One of Eastern Oregon’s best kept secrets is the bounty of talented chefs and excellent eateries hidden away in its small towns. Eastern Oregonians know that food tastes best where it’s grown, and that it’s worth traveling off the beaten path for the perfect steak dinner or an expertly brewed pint. Discover these local culinary gems and meet the farmers, ranchers, brewers and winemakers who are the secret behind Eastern Oregon’s bounty.
The Cattle Country Farm and Fork Roadtrip highlights Eastern Oregon’s cattle country, in the southeast corner of the state. You’ll experience the rich legacy of ranching here through a tour of cattle baron Peter French’s vast domain, cattle drives and ranch chores at a working cattle ranch, and home-cooked meals fit for a cowboy.
Begin your roadtrip in Burns with a visit to the Harney County Historical Museum. Peruse the museum’s collection of photographs, clothing and other relics depicting pioneer life here in the 19th Century.
History buffs should also mosey over to the Harney County Library’s Clare McGill Luce Western Room, which houses an extensive collection of rare books, oral histories and publications detailing the history and settlement of the region.
From Burns, travel south on the High Desert Discovery Scenic Byway, Highway 205, to the Malheur National Wildlife Refuge. Located on the Pacific Flyway, the Refuge is a stopover point for more than 300 species of birds who rely on the secluded marshes for resting, breeding and nesting habitat. Visitors can download a free, self-guided audio tour, which describes the history, landscape, flora and fauna found throughout the refuge.
The tour includes a stop at the Sod House Ranch, the one-time northern headquarters of the sprawling French-Glenn Livestock Company. Eight of the original ranch buildings are still standing in the shade of towering, century-old cottonwood trees.
Follow the Diamond Loop Route to the tiny community of Diamond.
Enjoy a lovingly-prepared, family-style dinner at the Historic Hotel Diamond, which also features eight well-appointed rooms and a wide, wrap-around porch perfect for slowing down and savoring a sunset.
Start your day at the historic Peter French Round Barn, a relic of the region’s cattle ranch legacy. Constructed from stone and juniper, the unique circular structure was built by “Cattle King” Peter French to break horses during the harsh Eastern Oregon winters. The barn, which is listed on the National Register of Historic Places, is remarkably well-preserved and provides a glimpse of the vast cattle empire French amassed here during the late 1800s.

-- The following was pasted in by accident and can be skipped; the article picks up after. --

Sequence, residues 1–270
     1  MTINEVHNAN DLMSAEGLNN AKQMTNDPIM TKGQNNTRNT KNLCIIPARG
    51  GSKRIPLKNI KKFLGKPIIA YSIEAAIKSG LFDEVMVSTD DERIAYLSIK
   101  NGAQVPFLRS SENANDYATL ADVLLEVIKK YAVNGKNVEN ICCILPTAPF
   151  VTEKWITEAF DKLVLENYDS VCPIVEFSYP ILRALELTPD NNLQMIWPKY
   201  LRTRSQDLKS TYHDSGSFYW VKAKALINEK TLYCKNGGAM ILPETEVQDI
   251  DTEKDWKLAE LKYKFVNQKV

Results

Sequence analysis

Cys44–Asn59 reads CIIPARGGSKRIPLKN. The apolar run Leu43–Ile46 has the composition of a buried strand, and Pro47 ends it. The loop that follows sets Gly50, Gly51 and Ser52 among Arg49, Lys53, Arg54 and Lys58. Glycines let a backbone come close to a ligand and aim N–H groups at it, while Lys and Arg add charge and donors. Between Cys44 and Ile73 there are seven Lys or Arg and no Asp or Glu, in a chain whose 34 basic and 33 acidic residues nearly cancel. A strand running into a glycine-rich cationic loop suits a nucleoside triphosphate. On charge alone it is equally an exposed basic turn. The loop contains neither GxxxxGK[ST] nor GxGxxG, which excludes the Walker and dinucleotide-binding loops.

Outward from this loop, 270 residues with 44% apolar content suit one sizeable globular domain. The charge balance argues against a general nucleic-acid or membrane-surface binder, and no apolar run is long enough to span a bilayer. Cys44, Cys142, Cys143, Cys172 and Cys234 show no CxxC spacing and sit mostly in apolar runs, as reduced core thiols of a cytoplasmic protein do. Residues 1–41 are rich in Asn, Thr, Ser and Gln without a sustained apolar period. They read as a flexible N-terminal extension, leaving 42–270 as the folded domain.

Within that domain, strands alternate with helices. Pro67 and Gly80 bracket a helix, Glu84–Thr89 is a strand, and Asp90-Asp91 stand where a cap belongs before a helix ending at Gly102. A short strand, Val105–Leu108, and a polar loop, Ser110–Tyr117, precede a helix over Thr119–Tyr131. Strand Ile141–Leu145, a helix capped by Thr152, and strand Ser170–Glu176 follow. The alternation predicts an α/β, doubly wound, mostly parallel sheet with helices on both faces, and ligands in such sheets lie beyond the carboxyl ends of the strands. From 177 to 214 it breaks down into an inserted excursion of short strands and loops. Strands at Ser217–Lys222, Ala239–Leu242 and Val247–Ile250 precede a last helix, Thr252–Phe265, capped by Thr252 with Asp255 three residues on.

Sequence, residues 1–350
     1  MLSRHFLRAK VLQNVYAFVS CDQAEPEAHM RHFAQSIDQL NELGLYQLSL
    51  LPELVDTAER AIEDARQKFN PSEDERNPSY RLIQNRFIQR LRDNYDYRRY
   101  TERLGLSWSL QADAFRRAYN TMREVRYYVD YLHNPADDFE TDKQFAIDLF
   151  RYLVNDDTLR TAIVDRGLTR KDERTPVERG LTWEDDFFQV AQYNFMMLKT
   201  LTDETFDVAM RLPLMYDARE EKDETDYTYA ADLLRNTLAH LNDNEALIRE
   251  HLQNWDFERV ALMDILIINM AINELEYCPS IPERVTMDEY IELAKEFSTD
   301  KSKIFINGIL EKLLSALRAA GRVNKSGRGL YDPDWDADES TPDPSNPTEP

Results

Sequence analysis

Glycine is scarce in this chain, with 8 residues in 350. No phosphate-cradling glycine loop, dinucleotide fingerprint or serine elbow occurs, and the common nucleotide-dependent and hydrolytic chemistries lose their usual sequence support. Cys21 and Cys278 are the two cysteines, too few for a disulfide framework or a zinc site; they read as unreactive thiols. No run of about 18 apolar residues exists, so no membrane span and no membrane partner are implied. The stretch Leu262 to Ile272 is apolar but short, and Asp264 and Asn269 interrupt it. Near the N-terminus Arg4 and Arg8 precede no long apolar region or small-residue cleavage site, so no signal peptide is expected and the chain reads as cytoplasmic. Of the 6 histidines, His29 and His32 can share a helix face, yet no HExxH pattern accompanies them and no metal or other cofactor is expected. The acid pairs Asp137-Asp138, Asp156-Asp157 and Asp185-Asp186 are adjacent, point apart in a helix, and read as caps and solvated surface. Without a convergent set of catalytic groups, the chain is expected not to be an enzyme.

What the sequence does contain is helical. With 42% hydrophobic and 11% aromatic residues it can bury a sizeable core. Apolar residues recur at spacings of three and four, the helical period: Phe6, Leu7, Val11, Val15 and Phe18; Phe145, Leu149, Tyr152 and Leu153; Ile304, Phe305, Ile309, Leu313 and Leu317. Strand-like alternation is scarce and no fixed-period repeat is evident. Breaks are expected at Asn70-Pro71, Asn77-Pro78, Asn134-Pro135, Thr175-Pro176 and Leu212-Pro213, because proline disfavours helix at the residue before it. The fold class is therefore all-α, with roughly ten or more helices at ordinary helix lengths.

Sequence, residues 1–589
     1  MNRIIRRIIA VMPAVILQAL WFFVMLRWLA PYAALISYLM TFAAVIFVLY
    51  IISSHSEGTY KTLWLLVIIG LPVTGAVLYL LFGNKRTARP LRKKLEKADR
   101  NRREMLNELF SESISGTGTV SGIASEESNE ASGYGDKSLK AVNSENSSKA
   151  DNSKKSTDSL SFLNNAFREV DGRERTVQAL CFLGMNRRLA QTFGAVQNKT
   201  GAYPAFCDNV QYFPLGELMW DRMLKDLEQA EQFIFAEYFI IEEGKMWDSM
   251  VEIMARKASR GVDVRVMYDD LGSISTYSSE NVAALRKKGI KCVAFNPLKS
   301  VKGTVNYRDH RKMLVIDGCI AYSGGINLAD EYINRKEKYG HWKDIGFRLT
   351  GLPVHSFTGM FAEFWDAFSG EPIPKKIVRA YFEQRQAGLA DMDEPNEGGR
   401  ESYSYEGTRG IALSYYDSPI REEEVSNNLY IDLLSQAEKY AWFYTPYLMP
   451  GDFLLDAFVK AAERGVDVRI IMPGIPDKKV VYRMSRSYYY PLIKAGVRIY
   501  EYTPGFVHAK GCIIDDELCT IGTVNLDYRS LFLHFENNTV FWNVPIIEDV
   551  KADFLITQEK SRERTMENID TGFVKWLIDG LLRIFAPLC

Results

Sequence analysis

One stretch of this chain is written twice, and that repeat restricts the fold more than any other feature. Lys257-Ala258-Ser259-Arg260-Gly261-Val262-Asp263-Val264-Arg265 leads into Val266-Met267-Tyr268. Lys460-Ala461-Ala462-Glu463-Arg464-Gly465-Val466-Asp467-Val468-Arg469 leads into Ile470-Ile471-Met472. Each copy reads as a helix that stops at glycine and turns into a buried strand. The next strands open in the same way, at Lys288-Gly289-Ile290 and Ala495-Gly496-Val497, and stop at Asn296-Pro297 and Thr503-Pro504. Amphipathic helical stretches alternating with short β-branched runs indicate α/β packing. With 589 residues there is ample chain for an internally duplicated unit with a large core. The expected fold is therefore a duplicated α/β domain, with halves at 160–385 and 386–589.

Don’t miss the nearby Round Barn Visitor Center, which houses an impressive collection of historical photographs and artifacts, as well as an assortment of books, artwork and one-of-a-kind gifts. Dick Jenkins, a third-generation rancher, offers fascinating driving tours detailing the lives of early homesteaders and buckaroos in the region.
Make your way back toward Diamond and the Kiger Mustang Viewing Area, two miles east of town. The band is considered one of the most pure herds of Spanish mustangs remaining in the west. Take your binoculars and watch the beautiful horses in their natural habitat.
Then check in with the trail boss at the Steens Mountain Guest Ranch. Plan to spend several days on this working cattle ranch, which offers guests a chance to live like an authentic Eastern Oregon buckaroo. Ride the range on a cattle drive, learn how to break a horse, and help the cowboys mend fences and other chores around the ranch. There is even a ‘cowboy cheffery’ class, where you can learn how to whip up hearty, cowboy-approved dishes.
From Diamond, head west along Diamond Lane then south on the High Desert Discovery Scenic Byway, Highway 205, to Frenchglen, a wayside on the edge of the spectacular Steens Mountain Wilderness Area.
Stop by the Frenchglen Mercantile for snacks and fuel for the journey ahead.
From Flenchglen, visitors can reach the 10,000 foot summit of Steens Mountain via the unpaved 59-mile Steens Mountain Loop. Considered the largest fault-block mountain in the Northern Great Basin, the mountain’s four distinct gorges – Little Blitzen, Big Indian, Wildhorse and the oft-photographed Kiger – were created by glaciers slicing through layers of the hard basalt rock.
Stand atop the rugged east face of the mountain and marvel at the cracked earth of the Alvord Desert, a full vertical mile below, stretching to the horizon. Take a picnic and spend the morning hiking, mountain biking, and photographing the beautiful wildlife and rugged landscape.
Follow the loop to Highway 205 and continue south toward Fields. Be on the lookout for herds of pronghorn antelope roaming the vast playa to the west and raptors gliding with the Steens Mountain’s changing currents to the east.
Cap off your trip with a burger and a frosty milkshake at Fields Station. The tiny white-walled outpost keeps a running tally of the hamburgers and milkshakes sold there each year.